Tag Archive: Prince William of Wales


A rainbow of Ludhiana-made stoles is all set to steal the show at the Royal Wedding this week-end. These stoles are traditional dupattas or chunnaries worn by women of the sub-continent. These stoles are not specific to Muslim women; hence, these will not spark any controversy like the hijab which has been legally banned in countries like France but Indian chunarry has a different story. Media has reported that nearly 4,000 soft wool stoles have been shipped for the eagerly awaited wedding of Prince William and Kate Middleton in London this Friday, courtesy a Ludhiana manufacturer. And the royal couple is also expected to take its pick. According to the reports, Ludhiana’s Centex Exports has shipped the stoles to London-based popular online fashion business store Boden. They will also be gifted to the guests invited for the wedding at London’s Westminster Abbey.

Each stole costs 45 pounds. Made of soft wool, the stoles are in red and blue, brown and scarlet and green and grey color variants. The Union Jack is printed on both sides of the stoles. Moreover, the wool has been knit to form an animal print pattern carrying a small patch with the words, ‘April 29th 2011; William and Kate; with love from Boden’. For Indians, it a singular honor to be asked to create such an important keepsake for a wedding which will be historic. These stoles have been chosen from across the world and also it is a once in a lifetime opportunity. Centex was chosen after a market study by Boden.

‘This is the wedding of fantasy and it becomes the major point for the Britishers to project their royalty. They are the force to reckon with today and when such a huge audience will get the live coverage (which is said to be around 2 billion), every small detail needs to be checked. So the royal family hired the service of third party Boden,’ the chief of the exporting firm told the media. The company went across China and South Korea in search of a supplier as they were looking at very fine quality of wool.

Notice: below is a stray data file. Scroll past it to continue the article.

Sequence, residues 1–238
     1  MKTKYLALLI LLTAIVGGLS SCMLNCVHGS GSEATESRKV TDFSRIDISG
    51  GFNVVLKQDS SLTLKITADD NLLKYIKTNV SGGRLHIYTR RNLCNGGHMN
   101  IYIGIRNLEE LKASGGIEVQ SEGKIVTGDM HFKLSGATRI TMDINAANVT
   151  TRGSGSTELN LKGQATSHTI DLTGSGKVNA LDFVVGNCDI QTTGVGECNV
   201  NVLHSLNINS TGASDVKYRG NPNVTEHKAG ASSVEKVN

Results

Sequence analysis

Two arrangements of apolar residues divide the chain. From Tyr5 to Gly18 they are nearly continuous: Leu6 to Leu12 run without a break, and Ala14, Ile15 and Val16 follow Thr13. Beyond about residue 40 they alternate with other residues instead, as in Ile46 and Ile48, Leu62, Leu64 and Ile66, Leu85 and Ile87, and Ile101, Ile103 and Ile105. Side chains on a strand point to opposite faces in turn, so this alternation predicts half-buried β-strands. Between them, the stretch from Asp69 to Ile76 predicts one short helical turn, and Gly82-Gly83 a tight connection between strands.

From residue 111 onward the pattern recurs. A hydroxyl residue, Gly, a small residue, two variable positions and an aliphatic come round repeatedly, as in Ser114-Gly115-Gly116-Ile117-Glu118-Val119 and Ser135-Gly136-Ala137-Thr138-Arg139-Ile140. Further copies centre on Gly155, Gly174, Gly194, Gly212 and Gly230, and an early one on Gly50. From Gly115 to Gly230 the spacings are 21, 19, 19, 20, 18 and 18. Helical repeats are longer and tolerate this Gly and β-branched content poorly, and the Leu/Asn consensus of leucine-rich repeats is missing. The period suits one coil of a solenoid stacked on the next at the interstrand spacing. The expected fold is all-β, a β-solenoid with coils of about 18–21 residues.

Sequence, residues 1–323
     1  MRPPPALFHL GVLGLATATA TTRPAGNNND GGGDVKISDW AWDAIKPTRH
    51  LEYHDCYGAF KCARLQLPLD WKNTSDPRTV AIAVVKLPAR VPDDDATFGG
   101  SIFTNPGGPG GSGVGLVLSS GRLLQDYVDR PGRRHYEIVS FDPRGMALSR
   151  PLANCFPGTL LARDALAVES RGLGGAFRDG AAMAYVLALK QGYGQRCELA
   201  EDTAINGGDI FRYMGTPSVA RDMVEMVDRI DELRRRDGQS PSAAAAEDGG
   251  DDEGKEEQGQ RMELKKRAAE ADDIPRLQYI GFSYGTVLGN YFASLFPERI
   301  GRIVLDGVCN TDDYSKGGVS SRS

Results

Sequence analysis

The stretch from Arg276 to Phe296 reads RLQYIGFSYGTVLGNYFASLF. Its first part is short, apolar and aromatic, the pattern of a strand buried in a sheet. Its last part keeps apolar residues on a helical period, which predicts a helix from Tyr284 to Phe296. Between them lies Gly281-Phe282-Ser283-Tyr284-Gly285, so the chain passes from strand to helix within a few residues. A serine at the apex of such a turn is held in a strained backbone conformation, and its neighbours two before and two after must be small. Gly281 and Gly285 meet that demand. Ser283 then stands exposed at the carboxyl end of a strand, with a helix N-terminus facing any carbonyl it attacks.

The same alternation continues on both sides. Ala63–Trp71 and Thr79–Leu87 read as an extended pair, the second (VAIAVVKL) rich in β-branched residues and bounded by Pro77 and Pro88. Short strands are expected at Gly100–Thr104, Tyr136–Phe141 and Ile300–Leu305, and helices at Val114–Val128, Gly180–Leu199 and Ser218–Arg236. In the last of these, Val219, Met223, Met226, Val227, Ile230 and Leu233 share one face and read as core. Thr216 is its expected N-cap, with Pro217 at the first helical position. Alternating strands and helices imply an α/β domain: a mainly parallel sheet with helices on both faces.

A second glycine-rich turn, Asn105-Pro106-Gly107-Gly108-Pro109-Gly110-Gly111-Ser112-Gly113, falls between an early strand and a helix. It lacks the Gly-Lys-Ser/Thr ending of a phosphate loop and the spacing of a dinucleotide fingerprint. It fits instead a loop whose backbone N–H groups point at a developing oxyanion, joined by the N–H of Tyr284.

In addition to these stoles, the company has made another 2,600 stoles and scarves for Boden which will be sold online. The royal wedding will be a classic British occasion. The guest list includes dignitaries from across the world like US First Lady Michelle Obama, Australian Prime Minister Julia Gillard and the Beckhams.

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Social networking is not the need of commoners alone, the royals also need to have a network. The longest-reigning monarch, Britain’s Queen Elizabeth II has joined Facebook, launching a series of official pages offering the website’s 500 million users daily updates on her engagements, the royal household said Sunday. The 84-year-old British monarch will be featured in videos, photos and news items on the site, which will be available from Monday, alongside other members of the country’s royal family, including Princes William and Harry.

Users will be able leave messages or comments for Buckingham Palace on the site and find details of royal events close to their homes. However, because the pages will be corporate – and not a personal account – people won’t be able to request to become friends with the queen. A royal official said the queen had personally approved the plan, but acknowledged she has not actually used the site herself.

“The decision went right up to the queen,” said the official, who spoke on condition of anonymity as he was not authorized to discuss the plan ahead of its official launch. “If you are going to have an online presence in 2010, you just have to be on Facebook.”

The Facebook page is the queen’s latest social media venture – the royal family already have an account on the Flickr photography website, joined Twitter in 2009 and set up a video channel on YouTube in 2007. Buckingham Palace set up its own website in 1997, which now allows people to apply for palace jobs online, track the royal family via Google Maps or read details in a section devoted to the queen’s prized corgi dogs.

Her Facebook site will include Britain’s court circular, the official daily record of the royal family’s engagements. It lists all royal diary appointments from the previous day and was created by George III in 1803, reportedly after he became frustrated at inaccurate newspaper reports.

 

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